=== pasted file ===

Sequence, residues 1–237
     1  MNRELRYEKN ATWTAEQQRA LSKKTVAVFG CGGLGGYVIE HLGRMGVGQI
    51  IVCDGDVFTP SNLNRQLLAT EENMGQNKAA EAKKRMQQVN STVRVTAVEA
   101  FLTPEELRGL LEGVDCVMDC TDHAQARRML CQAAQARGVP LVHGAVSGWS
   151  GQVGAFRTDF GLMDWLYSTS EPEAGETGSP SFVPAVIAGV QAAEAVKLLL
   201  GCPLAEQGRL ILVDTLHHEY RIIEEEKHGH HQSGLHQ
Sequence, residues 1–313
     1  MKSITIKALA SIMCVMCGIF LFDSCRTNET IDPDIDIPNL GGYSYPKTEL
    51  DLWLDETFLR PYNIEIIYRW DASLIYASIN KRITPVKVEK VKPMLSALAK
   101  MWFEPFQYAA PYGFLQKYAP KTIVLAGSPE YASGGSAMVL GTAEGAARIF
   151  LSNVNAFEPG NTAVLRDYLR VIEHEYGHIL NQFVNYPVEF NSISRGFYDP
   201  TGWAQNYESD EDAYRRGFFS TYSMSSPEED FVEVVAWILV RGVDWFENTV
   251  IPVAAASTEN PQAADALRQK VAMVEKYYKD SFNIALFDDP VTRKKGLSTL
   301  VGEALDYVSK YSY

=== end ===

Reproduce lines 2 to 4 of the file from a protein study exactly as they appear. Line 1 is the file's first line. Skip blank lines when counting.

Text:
     1  MNRELRYEKN ATWTAEQQRA LSKKTVAVFG CGGLGGYVIE HLGRMGVGQI
    51  IVCDGDVFTP SNLNRQLLAT EENMGQNKAA EAKKRMQQVN STVRVTAVEA
   101  FLTPEELRGL LEGVDCVMDC TDHAQARRML CQAAQARGVP LVHGAVSGWS